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Paul Wiegel

086-ARTIST-WiegelIf you frequent the Princeton Flea Market or Oshkosh Farmers Market, you may have seen Paul Wiegel, founder of the Fox River Poetry Company. He’s the one wearing a Panama hat, hunched over a 1957 Smith Corona Sterling typewriter. A chalkboard sign next to him reads “Poems $5. Any topic while you wait.”

“I’m partial to Smith Coronas because that was the first [typewriter] I came across on Craigslist for $10,” he says.

During the summer, Wiegel lugs his typewriter to events and festivals around Northeast Wisconsin, writing poetry on demand for intrigued event attendees. “Most people come to me with an open mind,” he says. “You don’t go up to a guy with a typewriter unless you’re willing to chart unknown waters.”

Paul Wiegel

Paul Wiegel

Wiegel explains his process. “Basically, you give me a topic and then I ask you questions to get details, usually three to five details will do.”

Those details drive the poems which are usually between 10 and 20 lines. They can be about a special person, place or memory. No topic is off limits. It’s about a five to 10 minute process all told, so customers can either wait for their personalized poem or they can retrieve it later. Wiegel abides by a pay-what-you-wish philosophy – $5 is a decent place to start, but he’s gotten much more (and even less) depending on the customer.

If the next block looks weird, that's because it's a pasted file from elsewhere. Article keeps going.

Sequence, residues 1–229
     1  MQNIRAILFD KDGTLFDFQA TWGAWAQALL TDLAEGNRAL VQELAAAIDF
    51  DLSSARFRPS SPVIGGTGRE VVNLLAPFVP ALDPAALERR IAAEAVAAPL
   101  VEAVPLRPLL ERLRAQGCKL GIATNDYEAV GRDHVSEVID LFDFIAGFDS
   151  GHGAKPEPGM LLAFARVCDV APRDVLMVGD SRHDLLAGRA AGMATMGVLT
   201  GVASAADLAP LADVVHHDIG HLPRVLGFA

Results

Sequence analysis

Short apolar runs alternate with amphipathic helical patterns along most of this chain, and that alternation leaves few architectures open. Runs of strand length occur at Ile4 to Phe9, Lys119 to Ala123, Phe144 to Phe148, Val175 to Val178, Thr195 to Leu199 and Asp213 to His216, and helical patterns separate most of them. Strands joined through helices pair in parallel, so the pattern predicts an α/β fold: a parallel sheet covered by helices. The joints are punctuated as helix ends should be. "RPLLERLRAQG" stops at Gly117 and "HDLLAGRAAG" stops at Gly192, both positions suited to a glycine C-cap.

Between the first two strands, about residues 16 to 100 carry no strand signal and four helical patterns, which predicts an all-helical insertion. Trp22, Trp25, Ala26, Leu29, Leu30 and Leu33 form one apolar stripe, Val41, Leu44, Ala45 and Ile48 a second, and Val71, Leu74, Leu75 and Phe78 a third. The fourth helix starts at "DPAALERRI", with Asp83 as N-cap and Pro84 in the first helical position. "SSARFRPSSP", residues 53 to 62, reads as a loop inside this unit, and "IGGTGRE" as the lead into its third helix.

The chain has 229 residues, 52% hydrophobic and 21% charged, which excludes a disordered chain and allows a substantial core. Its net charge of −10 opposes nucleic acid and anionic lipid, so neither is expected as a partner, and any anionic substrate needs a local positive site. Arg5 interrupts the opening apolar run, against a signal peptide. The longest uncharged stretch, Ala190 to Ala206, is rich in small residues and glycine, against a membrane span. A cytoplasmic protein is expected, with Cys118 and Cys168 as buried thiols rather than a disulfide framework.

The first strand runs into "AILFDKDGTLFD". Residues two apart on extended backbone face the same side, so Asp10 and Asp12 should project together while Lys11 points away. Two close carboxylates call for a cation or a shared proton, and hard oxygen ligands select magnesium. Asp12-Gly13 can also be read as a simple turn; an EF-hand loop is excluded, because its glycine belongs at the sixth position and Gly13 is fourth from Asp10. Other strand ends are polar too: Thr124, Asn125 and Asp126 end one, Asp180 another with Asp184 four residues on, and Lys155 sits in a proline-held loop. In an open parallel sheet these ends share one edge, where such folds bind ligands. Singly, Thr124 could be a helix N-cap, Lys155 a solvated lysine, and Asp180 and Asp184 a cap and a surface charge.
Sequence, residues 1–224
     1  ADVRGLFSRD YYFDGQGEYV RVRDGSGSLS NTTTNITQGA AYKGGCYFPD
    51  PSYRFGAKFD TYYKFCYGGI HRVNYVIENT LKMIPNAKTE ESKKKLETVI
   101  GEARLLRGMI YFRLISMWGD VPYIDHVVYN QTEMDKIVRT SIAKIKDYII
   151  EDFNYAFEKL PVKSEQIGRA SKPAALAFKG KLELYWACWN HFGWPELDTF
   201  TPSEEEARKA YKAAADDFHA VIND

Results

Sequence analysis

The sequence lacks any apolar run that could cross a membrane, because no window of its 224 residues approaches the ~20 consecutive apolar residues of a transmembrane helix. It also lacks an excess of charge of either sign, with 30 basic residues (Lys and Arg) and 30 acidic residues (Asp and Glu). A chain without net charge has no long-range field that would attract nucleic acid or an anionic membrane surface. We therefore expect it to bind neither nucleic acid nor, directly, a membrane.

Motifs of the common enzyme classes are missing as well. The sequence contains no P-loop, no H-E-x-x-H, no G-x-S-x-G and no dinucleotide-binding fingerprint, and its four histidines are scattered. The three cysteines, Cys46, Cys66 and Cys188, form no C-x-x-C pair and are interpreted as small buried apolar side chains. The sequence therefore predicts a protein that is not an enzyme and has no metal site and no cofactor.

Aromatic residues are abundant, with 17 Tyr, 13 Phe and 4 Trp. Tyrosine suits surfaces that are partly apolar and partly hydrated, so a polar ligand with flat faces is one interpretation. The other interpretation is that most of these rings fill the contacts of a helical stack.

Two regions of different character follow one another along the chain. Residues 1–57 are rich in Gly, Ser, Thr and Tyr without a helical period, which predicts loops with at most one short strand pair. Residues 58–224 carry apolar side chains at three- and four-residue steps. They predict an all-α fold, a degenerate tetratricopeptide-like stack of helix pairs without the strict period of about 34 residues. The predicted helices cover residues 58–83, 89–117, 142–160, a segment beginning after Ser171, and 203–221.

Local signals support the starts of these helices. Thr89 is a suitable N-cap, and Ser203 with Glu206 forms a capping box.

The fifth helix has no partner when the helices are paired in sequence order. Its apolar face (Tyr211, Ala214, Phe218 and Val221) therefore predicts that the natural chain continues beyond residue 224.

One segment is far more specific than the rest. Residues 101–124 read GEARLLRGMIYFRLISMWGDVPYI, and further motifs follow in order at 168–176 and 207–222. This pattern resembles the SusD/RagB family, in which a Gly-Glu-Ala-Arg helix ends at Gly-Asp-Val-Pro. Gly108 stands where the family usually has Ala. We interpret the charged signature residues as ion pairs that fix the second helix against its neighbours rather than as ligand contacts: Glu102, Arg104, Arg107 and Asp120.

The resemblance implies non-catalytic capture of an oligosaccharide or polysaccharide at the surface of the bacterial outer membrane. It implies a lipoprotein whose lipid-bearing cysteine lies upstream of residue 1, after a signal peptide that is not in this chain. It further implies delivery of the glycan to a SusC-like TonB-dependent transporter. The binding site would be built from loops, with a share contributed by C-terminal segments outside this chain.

Wiegel founded the Fox River Poetry Company in 2012 after hearing an NPR segment about San Francisco poet Zach Houston, who makes a living composing spontaneous, custom poems on a manual typewriter.

086-ARTIST-poem“I got home from work and thought, ‘I could do that,” says Wiegel, who teaches high school English in Ripon. Unlike Houston, Wiegel, who has won numerous poetry awards for his work, has no intention of quitting his day job. He says his made-to-order poetry is fun for him and he enjoys the challenge.

“I think people are drawn to it because it’s different,” Wiegel says. “Seeing a guy with a typewriter sitting at a table makes people stop. Part of it also has to do with the fact that they are getting something that is a one-of-a-kind thing based on their ideas.”

Find Wiegel this summer, typewriter in tow, at the following events: Oshkosh Farmers Market, Princeton Flea Market, Waupaca Arts on the Square on August 24 and Artstreet in Green Bay, August 26–28. Visit his website at



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